This is my very first attempt at making the characters sound Scottish so, all of you who know more about the language than I do, please feel free to tell me in what ways I have managed to botch it. I will be grateful, I promise!

Short StoryHumorFantasy

About the Creator

Katarzyna Popiel

A translator, a writer. Two languages to reconcile, two countries called home.

Enjoyed the story?
Support the Creator.

Subscribe for free to receive all their stories in your feed. You could also pledge your support or give them a one-off tip, letting them know you appreciate their work.

Subscribe For FreePledge Your Support

Reader insights

Good effort

You have potential. Keep practicing and don’t give up!

Top insights

  1. Expert insights and opinions

    Arguments were carefully researched and presented

  2. Masterful proofreading

    Zero grammar & spelling mistakes

Add your insights

Comments (13)

  • Kendall Defoe 16 days ago

    Aye, I like this wee tale ye told us, lass! And I think we all need a sequel!

  • Please I want more! I'm intrigued and need to know what's happening next. If this was a novel I would binge read it for sure. Excellent!

  • Sian N. Clutton18 days ago

    This was bloody brilliant! It had me giggling all the way through. I understood that they were Scottish immediatly. Loved this story!

  • Sam Avery18 days ago

    Amazing good work best of luck

  • ROCK 18 days ago

    Wonderful! Congratulations on Top Story!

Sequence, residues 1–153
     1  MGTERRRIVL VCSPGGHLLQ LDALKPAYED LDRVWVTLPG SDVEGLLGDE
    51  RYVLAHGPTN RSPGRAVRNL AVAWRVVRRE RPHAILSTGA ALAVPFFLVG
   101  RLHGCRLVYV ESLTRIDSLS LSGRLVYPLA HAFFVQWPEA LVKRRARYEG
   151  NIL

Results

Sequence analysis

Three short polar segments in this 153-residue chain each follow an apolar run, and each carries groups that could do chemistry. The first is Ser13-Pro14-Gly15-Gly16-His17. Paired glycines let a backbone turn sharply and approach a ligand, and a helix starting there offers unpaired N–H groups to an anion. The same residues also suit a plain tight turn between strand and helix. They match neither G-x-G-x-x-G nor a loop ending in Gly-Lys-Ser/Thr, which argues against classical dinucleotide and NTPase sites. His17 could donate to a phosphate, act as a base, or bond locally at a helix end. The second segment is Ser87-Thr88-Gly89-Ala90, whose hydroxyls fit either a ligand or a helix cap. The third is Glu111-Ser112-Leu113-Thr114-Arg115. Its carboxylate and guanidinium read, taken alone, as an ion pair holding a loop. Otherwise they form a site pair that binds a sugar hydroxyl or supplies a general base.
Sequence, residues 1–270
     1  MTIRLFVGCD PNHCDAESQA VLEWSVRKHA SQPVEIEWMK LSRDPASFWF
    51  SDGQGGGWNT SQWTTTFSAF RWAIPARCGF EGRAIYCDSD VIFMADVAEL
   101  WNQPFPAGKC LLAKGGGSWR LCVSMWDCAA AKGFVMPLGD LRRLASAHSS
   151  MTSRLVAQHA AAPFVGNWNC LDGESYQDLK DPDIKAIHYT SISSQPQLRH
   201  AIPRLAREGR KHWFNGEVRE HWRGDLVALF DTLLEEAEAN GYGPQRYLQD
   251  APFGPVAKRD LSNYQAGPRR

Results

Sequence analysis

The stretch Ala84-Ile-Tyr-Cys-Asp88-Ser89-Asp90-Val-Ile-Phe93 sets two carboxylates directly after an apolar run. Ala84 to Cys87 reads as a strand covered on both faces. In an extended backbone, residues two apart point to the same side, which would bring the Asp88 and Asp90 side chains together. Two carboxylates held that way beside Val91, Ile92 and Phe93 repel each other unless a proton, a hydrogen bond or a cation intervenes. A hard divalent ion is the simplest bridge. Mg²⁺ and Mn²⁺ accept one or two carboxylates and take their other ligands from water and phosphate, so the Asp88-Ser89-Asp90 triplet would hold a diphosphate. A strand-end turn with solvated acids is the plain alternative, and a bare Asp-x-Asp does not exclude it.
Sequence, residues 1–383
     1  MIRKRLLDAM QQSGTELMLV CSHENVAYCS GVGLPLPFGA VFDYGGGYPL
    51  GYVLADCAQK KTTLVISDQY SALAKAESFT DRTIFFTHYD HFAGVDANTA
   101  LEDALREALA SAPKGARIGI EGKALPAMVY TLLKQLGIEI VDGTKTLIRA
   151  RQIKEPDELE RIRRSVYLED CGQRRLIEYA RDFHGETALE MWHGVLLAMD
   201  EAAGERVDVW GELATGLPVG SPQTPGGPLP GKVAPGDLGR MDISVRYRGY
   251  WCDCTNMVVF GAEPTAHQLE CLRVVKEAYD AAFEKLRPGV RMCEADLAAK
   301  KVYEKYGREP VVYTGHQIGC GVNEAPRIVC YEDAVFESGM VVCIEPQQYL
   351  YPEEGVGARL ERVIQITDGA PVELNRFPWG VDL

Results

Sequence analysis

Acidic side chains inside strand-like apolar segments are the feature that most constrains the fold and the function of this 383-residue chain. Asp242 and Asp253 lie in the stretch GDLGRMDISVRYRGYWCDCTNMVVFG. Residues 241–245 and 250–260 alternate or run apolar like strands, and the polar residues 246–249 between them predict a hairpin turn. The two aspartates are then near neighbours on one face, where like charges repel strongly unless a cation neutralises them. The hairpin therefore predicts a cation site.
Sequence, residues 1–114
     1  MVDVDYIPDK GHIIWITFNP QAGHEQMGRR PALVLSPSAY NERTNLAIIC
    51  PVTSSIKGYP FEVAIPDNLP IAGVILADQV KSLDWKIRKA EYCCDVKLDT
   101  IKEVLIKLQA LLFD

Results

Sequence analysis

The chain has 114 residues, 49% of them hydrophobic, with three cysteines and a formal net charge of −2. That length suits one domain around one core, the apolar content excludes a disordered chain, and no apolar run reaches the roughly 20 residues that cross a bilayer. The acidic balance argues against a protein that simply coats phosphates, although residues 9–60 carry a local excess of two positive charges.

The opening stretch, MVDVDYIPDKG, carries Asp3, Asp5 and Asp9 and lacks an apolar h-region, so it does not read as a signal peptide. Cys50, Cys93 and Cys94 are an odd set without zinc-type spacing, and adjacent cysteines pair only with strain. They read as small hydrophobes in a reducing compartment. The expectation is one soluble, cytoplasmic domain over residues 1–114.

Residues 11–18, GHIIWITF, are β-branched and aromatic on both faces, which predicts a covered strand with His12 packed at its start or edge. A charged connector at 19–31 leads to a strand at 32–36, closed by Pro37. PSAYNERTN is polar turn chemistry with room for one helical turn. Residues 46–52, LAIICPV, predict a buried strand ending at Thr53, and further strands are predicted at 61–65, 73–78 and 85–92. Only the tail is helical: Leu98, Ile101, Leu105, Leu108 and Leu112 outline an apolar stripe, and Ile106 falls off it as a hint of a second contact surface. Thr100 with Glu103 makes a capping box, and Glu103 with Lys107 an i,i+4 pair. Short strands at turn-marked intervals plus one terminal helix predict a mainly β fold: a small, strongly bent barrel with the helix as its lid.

• Hannah Moore18 days ago

    Loved this, I was gripped. Great characters.

  • This is getting good! I love how the creepy feeling sneaks up slowly. Finding out what the note says and then immediately dismissing the warning because of the rain stopping is classic horror build-up. Uh oh, those sounds in the cemetery... can't wait to see what happens next! Keep writing, Katarzyna!!

  • Ameer Bibi19 days ago

    Well deserved Top story congratulations on TS

  • Rachel Deeming19 days ago

    Eek! Always read the small print. Loved the dialogue, giving it that real parochial feel. Humour too all the way through. And what a great place name!

  • Very cool end, I enjoyed it

  • Liam Storm19 days ago

    Spooky! Really liked how it ended, didn't see it coming at all! Well deserved top story!

  • Heather Zieffle 20 days ago

    Wonderfully written! Such an eerie story and I loved the ending! Good luck in the challenge!

  • D.K. Shepard20 days ago

    Great storytelling, Katarzyna! Such a creepy and ominous ending! I have no insight on Scottish accents to offer!

Katarzyna PopielWritten by Katarzyna Popiel

Find us on social media

Miscellaneous links

  • Explore
  • Contact
  • Privacy Policy
  • Terms of Use
  • Support

© 2024 Creatd, Inc. All Rights Reserved.